Colonel Francis Younghusband leads a force of British, Indian and Gurkhas to Gyantse in Tibet to negotiate and arrange reparations for previous incidents. Lt J D Grant of 8th Gurkha Rifles is awarded the Victoria Cross for an assault on the stronghold at Gyantse Jong, where he scaled a cliff under heavy fire to force a breach.

World War One

1914 — 1918

During the First World War over 90,000 Gurkhas directly serve the British Crown, of which over 20,000 are killed, wounded or missing in action. Gurkha regiments earn hundreds of gallantry awards throughout the War.

World War Two

1939 — 1945

During the Second World War over 137,000 Gurkhas directly serve the British Crown from which there are over 23,000 killed, wounded and missing in action. The Gurkhas earn over 2,500 awards for bravery.

Indian independence


Of the ten Gurkha Regiments existing at Indian Independence in 1947, six remain in the Indian Army and four transfer to the British Army. These are the 2nd King Edward VII’s Own Gurkha Rifles (The Sirmoor Rifles) and the 6th, 7th and 10th Gurkha Rifles.

Malayan Emergency

1948 — 1960

The conflict in Malaya is the first in which Gurkhas fight as part of the British Army. They are committed from the outset of the Emergency and are continually on active service throughout the next twelve years, continuing to win awards for bravery in the field of combat.

Borneo Confrontation

1962 — 1966

From their bases in Sarawak, Gurkhas defend the country against Indonesian forces and engage in long range operations under the dense jungle canopy of tropical rainforest. On one such patrol Lance Corporal Rambahadur Limbu was awarded the Victoria Cross for valour.

The Gurkha Welfare Trust is founded


The Gurkha Welfare Trust is founded with the primary aim of relieving poverty and distress amongst ex-Gurkha soldiers and their dependants. Today, it provides a monthly Welfare Pension and extensive medical care for its elderly ex-Gurkha beneficiaries, as well as delivering vital community aid such as water supply systems, schools and medical camps. Read more about the history of The Gurkha Welfare Trust.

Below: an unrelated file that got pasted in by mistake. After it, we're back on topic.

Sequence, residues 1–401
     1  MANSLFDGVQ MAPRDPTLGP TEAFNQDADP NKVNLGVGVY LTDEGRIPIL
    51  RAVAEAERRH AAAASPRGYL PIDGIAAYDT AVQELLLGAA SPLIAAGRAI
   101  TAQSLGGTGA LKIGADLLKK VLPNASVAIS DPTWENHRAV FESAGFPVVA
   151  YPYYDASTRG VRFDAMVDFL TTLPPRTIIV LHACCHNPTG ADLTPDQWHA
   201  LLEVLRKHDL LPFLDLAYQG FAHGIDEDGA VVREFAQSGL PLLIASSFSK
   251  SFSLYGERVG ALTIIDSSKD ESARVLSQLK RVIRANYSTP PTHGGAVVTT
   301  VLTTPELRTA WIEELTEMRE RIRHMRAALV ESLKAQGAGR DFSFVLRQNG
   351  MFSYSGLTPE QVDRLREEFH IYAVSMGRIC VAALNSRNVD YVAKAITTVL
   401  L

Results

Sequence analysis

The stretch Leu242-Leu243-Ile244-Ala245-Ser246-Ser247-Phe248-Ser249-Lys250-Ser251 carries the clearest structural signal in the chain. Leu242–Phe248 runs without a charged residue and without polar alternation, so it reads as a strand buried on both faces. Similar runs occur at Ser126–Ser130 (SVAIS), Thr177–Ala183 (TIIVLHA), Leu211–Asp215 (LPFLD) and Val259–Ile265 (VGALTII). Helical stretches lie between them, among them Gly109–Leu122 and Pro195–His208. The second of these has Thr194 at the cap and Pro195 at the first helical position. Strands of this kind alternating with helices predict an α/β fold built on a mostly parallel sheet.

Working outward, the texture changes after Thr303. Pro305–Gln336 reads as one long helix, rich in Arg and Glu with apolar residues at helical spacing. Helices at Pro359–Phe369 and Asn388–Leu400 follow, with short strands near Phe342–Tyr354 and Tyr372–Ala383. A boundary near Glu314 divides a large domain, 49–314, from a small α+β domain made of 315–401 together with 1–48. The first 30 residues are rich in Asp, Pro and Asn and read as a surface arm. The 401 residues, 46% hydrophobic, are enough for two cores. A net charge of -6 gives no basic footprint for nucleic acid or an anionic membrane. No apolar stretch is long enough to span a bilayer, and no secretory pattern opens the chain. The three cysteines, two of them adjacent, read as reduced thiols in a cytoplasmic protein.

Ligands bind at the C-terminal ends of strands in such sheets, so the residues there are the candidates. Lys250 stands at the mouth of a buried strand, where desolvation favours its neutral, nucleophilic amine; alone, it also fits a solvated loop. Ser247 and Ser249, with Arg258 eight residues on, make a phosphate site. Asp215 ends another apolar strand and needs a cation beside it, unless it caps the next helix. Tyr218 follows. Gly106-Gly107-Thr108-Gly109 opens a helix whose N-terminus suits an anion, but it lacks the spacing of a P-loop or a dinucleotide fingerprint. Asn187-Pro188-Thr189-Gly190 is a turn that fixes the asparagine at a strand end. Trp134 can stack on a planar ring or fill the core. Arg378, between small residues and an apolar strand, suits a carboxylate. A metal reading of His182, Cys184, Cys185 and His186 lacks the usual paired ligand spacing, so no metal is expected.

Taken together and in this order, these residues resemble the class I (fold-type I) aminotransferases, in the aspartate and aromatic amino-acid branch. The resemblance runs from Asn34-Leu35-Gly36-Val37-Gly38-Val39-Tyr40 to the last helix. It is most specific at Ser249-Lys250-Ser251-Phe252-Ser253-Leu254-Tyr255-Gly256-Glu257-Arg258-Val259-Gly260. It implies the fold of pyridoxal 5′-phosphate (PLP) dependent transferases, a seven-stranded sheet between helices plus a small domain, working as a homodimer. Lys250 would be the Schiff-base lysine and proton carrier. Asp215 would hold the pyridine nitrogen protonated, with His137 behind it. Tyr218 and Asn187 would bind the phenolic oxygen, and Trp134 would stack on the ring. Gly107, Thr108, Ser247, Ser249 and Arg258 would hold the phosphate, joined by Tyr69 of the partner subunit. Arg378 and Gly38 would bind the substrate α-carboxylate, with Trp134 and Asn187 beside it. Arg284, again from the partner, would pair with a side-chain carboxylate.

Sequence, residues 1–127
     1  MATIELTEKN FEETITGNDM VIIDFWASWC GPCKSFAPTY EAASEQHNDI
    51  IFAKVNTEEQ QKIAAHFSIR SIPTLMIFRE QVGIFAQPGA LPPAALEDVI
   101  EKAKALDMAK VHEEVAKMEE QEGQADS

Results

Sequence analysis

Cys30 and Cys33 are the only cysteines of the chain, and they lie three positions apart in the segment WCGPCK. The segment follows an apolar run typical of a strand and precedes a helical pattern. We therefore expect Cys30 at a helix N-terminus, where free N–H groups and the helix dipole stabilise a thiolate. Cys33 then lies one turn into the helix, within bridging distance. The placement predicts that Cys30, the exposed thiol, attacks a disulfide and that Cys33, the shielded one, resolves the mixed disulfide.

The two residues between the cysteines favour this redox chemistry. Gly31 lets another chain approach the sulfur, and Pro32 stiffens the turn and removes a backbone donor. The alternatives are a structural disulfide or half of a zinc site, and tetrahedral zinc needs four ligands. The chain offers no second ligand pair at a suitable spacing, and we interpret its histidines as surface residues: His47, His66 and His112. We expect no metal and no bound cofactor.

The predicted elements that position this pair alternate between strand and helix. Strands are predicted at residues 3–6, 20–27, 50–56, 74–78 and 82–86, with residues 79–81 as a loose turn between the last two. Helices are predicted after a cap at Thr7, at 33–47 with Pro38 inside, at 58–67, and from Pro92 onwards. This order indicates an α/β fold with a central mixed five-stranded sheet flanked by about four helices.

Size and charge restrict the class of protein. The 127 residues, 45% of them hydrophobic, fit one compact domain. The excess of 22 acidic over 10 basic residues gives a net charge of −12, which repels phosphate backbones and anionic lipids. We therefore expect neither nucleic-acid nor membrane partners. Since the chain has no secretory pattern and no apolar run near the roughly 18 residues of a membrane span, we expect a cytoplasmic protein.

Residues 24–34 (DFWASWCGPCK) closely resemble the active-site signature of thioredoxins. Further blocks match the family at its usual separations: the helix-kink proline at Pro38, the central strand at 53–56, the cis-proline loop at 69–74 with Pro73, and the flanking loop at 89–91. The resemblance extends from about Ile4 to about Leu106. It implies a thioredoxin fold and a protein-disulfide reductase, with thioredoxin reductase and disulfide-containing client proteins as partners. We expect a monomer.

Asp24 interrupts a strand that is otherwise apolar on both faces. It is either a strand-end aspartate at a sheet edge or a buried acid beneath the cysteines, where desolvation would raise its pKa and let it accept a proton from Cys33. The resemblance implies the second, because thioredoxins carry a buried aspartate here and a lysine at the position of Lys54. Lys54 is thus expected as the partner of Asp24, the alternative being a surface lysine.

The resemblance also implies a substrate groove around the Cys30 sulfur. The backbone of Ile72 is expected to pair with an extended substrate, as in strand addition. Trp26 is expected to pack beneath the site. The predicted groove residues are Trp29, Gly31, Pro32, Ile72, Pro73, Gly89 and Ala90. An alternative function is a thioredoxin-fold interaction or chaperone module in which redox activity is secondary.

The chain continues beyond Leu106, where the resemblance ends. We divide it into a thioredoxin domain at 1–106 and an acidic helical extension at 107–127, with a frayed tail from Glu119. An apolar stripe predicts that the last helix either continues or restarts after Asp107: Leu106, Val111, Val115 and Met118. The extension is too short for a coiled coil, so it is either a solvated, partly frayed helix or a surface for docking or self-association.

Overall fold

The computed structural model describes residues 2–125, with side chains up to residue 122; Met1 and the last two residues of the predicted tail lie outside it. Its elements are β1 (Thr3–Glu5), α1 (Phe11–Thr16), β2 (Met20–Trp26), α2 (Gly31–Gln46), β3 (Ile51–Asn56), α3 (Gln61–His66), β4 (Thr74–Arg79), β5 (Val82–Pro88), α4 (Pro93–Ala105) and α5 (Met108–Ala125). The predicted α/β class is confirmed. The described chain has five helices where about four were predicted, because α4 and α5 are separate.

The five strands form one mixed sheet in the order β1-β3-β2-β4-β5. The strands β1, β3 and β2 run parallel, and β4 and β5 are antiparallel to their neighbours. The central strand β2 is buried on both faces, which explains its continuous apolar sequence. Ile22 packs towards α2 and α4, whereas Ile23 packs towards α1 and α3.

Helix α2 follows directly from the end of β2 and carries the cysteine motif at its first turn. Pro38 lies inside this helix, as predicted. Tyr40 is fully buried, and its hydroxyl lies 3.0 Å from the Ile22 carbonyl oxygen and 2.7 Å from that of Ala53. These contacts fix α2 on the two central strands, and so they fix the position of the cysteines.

The Falklands


The Gurkhas’ fearsome reputation serves them well in the Falklands conflict, leading the Argentines to decide not to face them when challenged in battle. Britain successfully repels the invasion.


2001 — 2014

Gurkhas play a key role in the war from the offset. Their skills in hand to hand combat are put to the test, notably Corporal Dipprasad Pun who is awarded the Conspicuous Gallantry Cross for repelling an assault in Helmand Province. Gurkhas’ peace-keeping skills and ability to build relationships with the Afghans prove invaluable. They are also charged with protecting Prince Harry during his service with the Army Air Corps.


2003 — 2011

Gurkhas once again serve in the desert following the Allied invasion of Iraq, providing extensive medical and logistic support to the Allied forces while retracing routes their forebears had followed in the First World War.

Gurkha 200


The Brigade of Gurkhas celebrates its 200th anniversary of loyal and distinguished service to the Crown. Various commemorative events are held, culminating in a spectacular pageant in London, attend by HM The Queen and other royals.